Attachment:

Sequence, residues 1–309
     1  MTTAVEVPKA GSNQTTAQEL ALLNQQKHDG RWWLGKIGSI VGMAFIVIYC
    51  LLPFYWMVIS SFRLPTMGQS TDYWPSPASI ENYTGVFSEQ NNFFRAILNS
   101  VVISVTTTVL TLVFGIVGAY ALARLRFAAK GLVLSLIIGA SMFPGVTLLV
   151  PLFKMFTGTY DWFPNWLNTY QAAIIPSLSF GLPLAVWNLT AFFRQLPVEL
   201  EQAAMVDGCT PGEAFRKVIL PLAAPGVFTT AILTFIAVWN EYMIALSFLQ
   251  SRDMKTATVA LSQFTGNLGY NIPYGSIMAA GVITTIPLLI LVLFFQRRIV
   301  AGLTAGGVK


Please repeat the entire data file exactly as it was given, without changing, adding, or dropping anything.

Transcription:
Sequence, residues 1–309
     1  MTTAVEVPKA GSNQTTAQEL ALLNQQKHDG RWWLGKIGSI VGMAFIVIYC
    51  LLPFYWMVIS SFRLPTMGQS TDYWPSPASI ENYTGVFSEQ NNFFRAILNS
   101  VVISVTTTVL TLVFGIVGAY ALARLRFAAK GLVLSLIIGA SMFPGVTLLV
   151  PLFKMFTGTY DWFPNWLNTY QAAIIPSLSF GLPLAVWNLT AFFRQLPVEL
   201  EQAAMVDGCT PGEAFRKVIL PLAAPGVFTT AILTFIAVWN EYMIALSFLQ
   251  SRDMKTATVA LSQFTGNLGY NIPYGSIMAA GVITTIPLLI LVLFFQRRIV
   301  AGLTAGGVK